Dr. Jenna Renfroe
5 Tips for Burnout
A common presenting issue for my clients (especially across leaders within the members of the armed forces that I work with) is BURNOUT. Sometimes people do not have a name for what they are facing or experiencing and instead describe a collective group of experiences, a sense of cognitive overload, or symptoms of anxiety, depression, numbness, irritability, fatigue, etc. Often, people do not recognize this collective syndrome of burnout. And I can assure you, as a mental health professional and a member of the “helper” community, I go through my own periods of burnout. The following 5 tips are part of the recipe for moving out of a stage of burnout. I try to counsel folks that the time it takes to get out of burnout can sometimes be proportional to the amount of time it took you to “get into” burnout, so bear in mind it’s sometimes a journey, not a destination.
This is the obvious one right? Burnout comes from overdoing, overthinking, overworking, overfeeling…. Etc. The remedy to that is rest. Its also often part of the conundrum: there’s not time to rest, there a cost to rest, I can’t afford to take time off, I don’t have PTO… or the deeper problem… resting makes me uncomfortable. But rest is one of the only ways out of the burnout pit. Take the time off, accept the financial hit if you can… a stretch of time that is not filled with doing, thinking, working, producing, etc. to simply allow your mind and body to “be” or “flow” is really necessary.
Refuel means to intentionally do things that “fill your cup.” You need to bump up the frequency and duration of time spent engaging in these activities if you are in a phase of burnout. This may look different for different people. Refueling might mean getting back into some yoga or stretching and eating more healthily. It might mean spending more intentional time with family or close friends. It might mean seeing the movie you’ve really wanted to see or reading that book. It might mean spiritual expression, praying, getting to church, getting to therapy, and allowing someone else to pour into YOU.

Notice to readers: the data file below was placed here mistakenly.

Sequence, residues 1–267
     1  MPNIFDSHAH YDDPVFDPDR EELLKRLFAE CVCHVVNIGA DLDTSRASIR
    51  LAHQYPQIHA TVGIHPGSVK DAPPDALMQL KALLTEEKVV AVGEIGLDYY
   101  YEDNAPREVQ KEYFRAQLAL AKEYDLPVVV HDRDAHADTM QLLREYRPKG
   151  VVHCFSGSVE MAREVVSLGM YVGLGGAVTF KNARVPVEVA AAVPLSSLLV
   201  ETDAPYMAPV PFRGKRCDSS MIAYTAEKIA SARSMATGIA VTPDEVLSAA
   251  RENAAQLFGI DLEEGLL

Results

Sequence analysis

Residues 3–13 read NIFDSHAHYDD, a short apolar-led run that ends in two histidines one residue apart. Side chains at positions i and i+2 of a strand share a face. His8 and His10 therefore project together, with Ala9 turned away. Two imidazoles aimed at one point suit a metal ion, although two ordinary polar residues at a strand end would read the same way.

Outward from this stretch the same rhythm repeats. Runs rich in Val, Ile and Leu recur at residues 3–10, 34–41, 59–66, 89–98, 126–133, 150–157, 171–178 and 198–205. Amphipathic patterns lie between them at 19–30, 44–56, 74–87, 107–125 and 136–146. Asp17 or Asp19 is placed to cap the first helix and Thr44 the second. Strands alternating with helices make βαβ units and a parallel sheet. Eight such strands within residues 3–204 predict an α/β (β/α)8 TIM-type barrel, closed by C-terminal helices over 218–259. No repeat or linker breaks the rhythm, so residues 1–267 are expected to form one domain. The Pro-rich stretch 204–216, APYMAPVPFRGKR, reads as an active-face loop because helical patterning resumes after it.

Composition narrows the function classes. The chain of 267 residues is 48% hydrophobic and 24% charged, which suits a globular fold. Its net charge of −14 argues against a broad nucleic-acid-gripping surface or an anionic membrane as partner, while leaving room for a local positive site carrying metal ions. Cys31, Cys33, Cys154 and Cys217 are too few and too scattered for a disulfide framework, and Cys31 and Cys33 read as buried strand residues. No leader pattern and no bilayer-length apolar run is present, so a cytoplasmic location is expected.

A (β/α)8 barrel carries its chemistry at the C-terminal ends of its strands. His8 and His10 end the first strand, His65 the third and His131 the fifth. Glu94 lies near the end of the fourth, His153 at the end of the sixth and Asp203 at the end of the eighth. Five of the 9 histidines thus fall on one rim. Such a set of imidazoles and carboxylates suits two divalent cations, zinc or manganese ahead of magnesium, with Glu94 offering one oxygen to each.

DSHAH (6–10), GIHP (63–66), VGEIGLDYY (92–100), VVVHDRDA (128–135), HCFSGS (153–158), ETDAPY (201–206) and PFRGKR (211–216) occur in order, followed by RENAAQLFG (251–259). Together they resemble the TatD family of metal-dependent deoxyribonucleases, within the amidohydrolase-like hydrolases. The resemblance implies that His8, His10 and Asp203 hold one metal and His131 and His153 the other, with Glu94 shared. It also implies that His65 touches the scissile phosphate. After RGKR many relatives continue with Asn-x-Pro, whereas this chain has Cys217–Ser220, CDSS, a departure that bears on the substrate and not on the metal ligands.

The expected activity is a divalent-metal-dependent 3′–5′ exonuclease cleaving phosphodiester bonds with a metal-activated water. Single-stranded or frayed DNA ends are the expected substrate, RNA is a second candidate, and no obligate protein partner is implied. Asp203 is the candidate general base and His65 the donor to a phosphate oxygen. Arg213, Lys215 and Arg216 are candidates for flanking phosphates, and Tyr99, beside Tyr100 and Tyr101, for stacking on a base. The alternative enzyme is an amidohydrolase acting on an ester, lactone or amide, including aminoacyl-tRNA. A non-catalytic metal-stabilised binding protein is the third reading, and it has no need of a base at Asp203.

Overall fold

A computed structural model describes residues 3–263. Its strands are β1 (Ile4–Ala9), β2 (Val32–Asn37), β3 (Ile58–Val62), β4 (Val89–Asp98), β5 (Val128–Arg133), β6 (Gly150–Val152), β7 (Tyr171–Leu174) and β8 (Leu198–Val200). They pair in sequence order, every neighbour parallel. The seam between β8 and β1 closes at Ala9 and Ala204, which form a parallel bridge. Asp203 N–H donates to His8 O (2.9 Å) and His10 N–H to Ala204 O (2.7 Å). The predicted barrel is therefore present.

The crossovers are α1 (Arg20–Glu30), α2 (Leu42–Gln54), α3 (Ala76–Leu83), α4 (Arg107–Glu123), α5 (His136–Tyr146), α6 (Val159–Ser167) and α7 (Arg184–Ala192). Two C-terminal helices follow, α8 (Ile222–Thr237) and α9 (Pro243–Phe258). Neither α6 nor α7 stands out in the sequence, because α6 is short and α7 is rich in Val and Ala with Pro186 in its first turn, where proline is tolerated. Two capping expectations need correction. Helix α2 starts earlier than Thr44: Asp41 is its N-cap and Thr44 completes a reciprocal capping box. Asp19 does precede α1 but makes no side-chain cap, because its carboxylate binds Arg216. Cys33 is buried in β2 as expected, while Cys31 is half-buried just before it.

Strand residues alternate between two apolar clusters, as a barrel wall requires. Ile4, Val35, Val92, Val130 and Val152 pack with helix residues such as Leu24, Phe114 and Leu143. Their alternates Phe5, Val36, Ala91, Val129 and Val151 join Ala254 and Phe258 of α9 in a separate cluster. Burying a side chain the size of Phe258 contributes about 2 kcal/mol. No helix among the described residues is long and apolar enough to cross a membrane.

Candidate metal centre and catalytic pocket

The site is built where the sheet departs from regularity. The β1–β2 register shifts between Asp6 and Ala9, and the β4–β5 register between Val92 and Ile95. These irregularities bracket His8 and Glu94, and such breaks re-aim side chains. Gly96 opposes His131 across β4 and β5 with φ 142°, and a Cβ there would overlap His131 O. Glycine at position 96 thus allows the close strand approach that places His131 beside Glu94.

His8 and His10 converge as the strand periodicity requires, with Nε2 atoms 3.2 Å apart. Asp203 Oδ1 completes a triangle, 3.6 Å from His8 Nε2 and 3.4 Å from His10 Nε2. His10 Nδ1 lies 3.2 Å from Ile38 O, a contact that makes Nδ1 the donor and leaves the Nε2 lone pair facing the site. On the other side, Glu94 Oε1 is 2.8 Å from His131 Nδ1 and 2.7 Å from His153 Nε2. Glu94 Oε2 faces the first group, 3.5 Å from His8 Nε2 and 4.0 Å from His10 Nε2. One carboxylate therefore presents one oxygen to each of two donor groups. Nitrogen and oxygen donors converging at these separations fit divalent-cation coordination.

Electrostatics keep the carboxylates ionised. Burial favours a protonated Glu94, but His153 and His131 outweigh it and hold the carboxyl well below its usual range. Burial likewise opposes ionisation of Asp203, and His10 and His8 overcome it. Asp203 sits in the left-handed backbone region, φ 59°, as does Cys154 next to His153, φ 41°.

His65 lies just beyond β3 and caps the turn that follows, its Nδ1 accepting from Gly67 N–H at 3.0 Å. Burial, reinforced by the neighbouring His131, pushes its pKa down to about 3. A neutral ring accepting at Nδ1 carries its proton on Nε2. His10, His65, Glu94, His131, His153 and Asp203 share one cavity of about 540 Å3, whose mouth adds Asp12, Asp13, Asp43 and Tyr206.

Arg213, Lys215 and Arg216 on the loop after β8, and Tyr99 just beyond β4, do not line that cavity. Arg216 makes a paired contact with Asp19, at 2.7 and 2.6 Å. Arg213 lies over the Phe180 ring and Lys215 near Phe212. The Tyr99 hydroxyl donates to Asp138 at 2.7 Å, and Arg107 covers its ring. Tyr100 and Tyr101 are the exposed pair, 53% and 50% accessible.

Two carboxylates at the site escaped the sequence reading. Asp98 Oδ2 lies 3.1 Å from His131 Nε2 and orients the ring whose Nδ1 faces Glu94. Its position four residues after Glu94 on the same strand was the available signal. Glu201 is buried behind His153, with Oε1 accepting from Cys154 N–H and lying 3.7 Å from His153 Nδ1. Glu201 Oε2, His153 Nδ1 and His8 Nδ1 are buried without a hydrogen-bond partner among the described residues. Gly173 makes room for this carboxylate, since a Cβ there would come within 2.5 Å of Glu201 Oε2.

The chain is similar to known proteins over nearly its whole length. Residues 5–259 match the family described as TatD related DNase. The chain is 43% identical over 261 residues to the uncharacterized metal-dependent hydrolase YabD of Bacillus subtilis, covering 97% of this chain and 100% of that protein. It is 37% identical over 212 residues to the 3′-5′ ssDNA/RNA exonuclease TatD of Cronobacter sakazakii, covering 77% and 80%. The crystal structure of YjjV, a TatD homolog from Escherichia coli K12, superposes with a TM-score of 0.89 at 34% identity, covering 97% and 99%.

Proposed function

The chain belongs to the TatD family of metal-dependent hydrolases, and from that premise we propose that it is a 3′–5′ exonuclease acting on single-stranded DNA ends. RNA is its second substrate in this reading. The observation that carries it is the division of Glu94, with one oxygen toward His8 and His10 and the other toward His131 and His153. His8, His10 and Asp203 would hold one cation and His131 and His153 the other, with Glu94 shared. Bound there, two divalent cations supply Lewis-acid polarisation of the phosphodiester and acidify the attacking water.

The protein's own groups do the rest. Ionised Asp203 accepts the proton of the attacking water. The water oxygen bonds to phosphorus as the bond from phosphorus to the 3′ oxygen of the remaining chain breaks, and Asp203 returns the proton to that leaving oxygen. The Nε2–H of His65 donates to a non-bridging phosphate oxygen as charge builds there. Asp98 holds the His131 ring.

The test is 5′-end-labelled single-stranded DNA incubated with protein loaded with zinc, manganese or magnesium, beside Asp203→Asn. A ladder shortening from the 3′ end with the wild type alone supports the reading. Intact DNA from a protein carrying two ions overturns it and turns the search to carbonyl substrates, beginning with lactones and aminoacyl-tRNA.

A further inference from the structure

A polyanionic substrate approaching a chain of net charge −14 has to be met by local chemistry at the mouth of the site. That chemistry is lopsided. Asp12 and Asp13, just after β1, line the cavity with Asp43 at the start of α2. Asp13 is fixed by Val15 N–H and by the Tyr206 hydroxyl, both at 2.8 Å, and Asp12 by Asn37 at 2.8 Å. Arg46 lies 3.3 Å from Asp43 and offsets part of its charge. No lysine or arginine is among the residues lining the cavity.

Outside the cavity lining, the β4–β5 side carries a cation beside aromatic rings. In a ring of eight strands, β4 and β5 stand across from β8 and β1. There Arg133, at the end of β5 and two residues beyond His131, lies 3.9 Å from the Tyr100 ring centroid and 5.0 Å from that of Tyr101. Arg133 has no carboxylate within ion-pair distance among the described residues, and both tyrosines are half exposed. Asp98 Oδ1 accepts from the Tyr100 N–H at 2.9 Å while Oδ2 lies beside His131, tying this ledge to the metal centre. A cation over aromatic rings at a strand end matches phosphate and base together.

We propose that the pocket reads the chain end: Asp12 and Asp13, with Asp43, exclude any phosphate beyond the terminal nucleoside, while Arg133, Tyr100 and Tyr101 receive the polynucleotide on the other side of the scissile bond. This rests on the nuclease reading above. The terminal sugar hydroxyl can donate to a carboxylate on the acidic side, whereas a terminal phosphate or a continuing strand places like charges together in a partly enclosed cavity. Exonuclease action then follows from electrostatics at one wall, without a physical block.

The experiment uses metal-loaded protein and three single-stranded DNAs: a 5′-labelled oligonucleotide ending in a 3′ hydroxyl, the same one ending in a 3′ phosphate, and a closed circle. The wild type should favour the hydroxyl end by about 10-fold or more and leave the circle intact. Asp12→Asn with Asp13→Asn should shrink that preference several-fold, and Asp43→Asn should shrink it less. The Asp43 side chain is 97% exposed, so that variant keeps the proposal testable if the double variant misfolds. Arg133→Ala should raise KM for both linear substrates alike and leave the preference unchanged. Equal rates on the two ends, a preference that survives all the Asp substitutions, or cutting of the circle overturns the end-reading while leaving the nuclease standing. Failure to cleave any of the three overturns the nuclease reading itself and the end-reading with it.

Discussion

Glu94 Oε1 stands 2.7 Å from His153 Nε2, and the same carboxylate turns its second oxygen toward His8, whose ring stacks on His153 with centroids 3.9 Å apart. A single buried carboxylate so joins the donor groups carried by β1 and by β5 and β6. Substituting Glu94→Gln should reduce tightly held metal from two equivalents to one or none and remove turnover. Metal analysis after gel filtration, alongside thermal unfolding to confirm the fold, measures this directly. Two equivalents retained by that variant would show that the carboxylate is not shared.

3) Get Creative.
Often when we get to a stage of burnout, its partly because we have been overusing our analytical or problem-solving parts of the brain. This can lead to a hyperfunctioning of these systems, where we are applying analysis and problem-solving all the time in all areas of our life, instead of just during the workday, for example. One of the ways to undo this is to create more balance by essentially flexing the more creative muscles of our brain and activating different neural circuits that pertain to free thought, creativity, and something known in neuroscience as “the default mode network.” By engaging in creative activity or allowing ourselves time and space to have the capacity to be creative, we create a sense of psychological balance that can help to undo the agony and overdrive of burnout.
Emote means to show or demonstrate emotion. Often when folks get to a stage of burnout, their emotions are all blocked up or many times they’ve gone numb altogether. If you can connect to the emotion that you are feeling, whether indirectly or directly, you might find some energetic release that creates space for new energy and attention. To directly process or connect to the emotion underneath, I’d suggest things like therapy, journaling, self-compassion work, or meditation. To indirectly connect to your emotional space, watch a tear-jerking movie or tv show or listen to moving music, as a few examples. You might find that these external cues are just enough to open the gates of the blocked emotional energy that your body is carrying.
Another way to refuel when you are in a stage of burnout is to reconnect socially. Call or text your close friends, set up a coffee or lunch date. Social connection can go a long way when you’re feeling burned out, even though it might not be what you “feel like” doing. You need to reconnect to the rest of humankind, know that you are not alone, that others care for you, and that you are not alone in your struggle. Suffering is a part of humanity and people need each other. We were never meant to go through life alone.
If you need someone to talk to and are interested in psychotherapy, please reach out to Tailored Brain Health by emailing email@example.com or call 336-542-1800.